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Wild Edibles in Ohio?

 
Jennifer Charlton-Dennis
Posts: 61
Location: North East Ohio
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Hi everyone,

Forgive me if there are previous forums here on Permies. Just looking for updated information. My Husband and I are trying to teach ourselves and more importantly our children what nature provides for us. If anyone has knowledge of what wild edible are here in Ohio we would be eternally grateful. Thank you for your help!!
 
John Elliott
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You could start with the Edible Wild Foods site.

Or how about a nice dandelion salad?

 
Jay C. White Cloud
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Hello Jennifer,

This is such a broad topic Jennifer, the only thing I could add to John good advice is a public library, and web search. Seek out local clubs or individuals that still pracitce wild harvesting and/or indigenous life skills training. Is there anything more specific you wanted?

Regards,

j
 
Jennifer Charlton-Dennis
Posts: 61
Location: North East Ohio
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Hi guys,

Sorry I should have been more specific. We live near Cleveland/ Elyria Ohio. So probably what grows around here to start. I have a couple older books about wild edibles. The thing I worry about is that the illustrations of the plants are drawn. Now I know that's how it was done since people started writing books. I just worry that I may pick/ harvest the wrong plant. I will see if I can find any groups near here that have experience. Thank you for the video John!!

Jennifer
 
Mariamne Ingalls
pollinator
Posts: 166
Location: NE Ohio (Zone 6a, on the cusp of 6b) 38.7" annual precip
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Hi Jennifer-

I tripped over some of our Ohio edibles another way. I wanted to ID the "weeds" on my property, for a few reasons: 1) for those I was sure I wanted to get rid of, I wanted to know how they spread, 2) I wanted to know if the weeds could tell me anything about the conditions in the spots where they were growing, and 3) I realized I had tons of plants on my property that I could not identify, and before I did something to them, I wanted to know about them. (permaculture "observation").

I was surprised at some of the ones that were edible.
I also found that I misidentified some!
That reinforced for me, the rule "get an expert to confirm, before you eat it".

Here are some edibles that are lying around my suburban Ohio property. And importantly--we've been chemical-free in our property for well over 3 years now -- not sure exactly how long...
This list comes with the caveat to you and all, that you should do your own research and check and check again, before you eat any of this stuff!
I am not an expert.

1. Purslane (Often grows in cement and sidewalk cracks. Be sure no one is spraying poisons where you collect!)
2. Common yellow woodsorrel
3. Sweet woodruff
4. Canadian thistle (NO! I have not tried to prep and eat this one, yet! )
5. Dandelions (I did a pick-and-taste test, and quickly realized that I had waited too long. The problem is, by the time I noticed them, it was too late: didn't like the taste. Still haven't tasted young-enough ones)
6. Crab grass (150,000 seeds produced per plant; evidently can be ground into a flour)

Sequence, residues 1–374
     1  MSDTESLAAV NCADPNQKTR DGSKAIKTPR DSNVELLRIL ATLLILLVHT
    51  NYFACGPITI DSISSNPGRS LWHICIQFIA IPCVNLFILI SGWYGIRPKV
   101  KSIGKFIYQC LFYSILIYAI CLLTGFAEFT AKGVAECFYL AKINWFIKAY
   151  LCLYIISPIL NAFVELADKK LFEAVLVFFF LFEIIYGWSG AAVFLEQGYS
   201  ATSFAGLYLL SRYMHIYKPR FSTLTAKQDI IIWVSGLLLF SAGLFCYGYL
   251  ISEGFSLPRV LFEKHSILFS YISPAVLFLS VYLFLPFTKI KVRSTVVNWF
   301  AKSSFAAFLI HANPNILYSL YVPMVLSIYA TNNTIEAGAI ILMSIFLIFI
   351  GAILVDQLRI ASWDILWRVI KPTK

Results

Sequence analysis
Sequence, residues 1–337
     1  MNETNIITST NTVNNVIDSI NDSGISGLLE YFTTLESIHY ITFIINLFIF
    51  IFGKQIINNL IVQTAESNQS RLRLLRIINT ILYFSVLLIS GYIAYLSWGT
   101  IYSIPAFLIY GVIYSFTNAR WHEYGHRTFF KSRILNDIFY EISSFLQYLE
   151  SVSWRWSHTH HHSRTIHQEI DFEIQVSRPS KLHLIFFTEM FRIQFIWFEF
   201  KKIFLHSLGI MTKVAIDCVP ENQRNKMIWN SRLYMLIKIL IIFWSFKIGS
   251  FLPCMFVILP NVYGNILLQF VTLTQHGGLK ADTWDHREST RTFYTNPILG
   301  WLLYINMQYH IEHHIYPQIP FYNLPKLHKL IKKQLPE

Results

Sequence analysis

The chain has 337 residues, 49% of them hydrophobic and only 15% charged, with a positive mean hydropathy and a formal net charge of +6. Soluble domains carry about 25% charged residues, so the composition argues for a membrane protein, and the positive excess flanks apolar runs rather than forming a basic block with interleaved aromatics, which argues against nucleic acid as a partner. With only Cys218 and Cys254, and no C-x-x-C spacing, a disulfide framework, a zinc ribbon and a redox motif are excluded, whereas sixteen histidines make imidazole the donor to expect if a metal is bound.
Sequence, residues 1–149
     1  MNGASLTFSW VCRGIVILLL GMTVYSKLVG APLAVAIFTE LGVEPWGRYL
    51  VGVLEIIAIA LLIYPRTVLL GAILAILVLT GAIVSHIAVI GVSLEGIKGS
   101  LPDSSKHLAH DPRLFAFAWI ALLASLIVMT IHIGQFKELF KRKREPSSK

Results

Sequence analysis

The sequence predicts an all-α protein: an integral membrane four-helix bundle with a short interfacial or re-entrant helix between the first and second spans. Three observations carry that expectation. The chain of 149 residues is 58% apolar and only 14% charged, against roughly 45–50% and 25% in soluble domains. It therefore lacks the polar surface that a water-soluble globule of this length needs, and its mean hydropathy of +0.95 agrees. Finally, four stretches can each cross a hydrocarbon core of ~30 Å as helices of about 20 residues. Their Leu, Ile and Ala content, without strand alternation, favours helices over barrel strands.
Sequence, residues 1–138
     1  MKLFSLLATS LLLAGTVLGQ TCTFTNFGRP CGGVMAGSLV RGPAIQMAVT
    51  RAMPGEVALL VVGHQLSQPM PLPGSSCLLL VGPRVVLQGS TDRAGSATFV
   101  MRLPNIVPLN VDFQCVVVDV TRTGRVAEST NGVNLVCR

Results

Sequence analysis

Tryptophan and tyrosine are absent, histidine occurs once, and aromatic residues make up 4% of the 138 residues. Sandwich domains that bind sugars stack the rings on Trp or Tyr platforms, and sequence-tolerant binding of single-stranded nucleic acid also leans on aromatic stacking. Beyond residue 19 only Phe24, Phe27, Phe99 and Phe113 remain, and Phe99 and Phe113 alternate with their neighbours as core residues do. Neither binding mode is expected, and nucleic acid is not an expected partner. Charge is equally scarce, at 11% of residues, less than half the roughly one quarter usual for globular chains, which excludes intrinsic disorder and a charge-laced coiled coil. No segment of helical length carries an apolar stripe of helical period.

7. Linden tree
8. Pin oak acorns (take a lot of processing)

This is one of the websites I've found helpful:
http://www.eattheweeds.com/

Notable Non-edibles
-----------------------
Deadly nightshade (green to red berries) - almost everyone knows this one; it's so common. It's the main reason all us kids got the rule of "NEVER eat anything, until you show Mommy the plant."
Poke
-- This is the first year we've had a poke plant on our property. It has colorful drop clusters of berries. References say that every part of it is toxic. And yet, one hears of "poke sallet" being et. I would think the berries would be very tempting to children. Here's the lowdown, and personally, I'm never going to bother trying to ID it as a young plant and prep it: http://www.eattheweeds.com/can-be-deadly-but-oh-so-delicious-pokeweed-2/ . I only knew I had a poke plant, after it developed berries.

One of my favorite plant ID methods:
---------------------------------------
When I think I may have narrowed down the possibilities to a few plants, I change my Google search to "images" and do a search on the plant names I suspect. Although a few of the images in the zillions returned will be incorrect, most will be correct, I'll see the pattern, and know whether I have a match or not.

'Ta for now,
Mariamne


 
Mike Cantrell
Posts: 530
Location: Mid-Michigan
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bee books duck food preservation forest garden hunting solar trees
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IMO, the two best wild-edibles books out there are by Sam Thayer - "The Forager's Harvest" and "Nature's Garden".

FH especially is fairly Great-Lakes-centric, so I'd expect that every plant he details would be something you've got around you. He follows a deep approach rather than broad (meaning lots of information on a comparatively small number of plants), and it's all first-hand information his own experience. On top of that, photos instead of drawings.

The best.

Heck, here's the ISBN for "The Forager's Harvest", because everybody should own it: 978-0-9766266-0-2

Start there!
 
Jennifer Charlton-Dennis
Posts: 61
Location: North East Ohio
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Mike,

Thanks so much for the reference!! We're going to check on it in the morning! It great to see a book written with our region in mind. I can't wait to get my hands on it!

Jennifer
 
Justin Wolfe
Posts: 11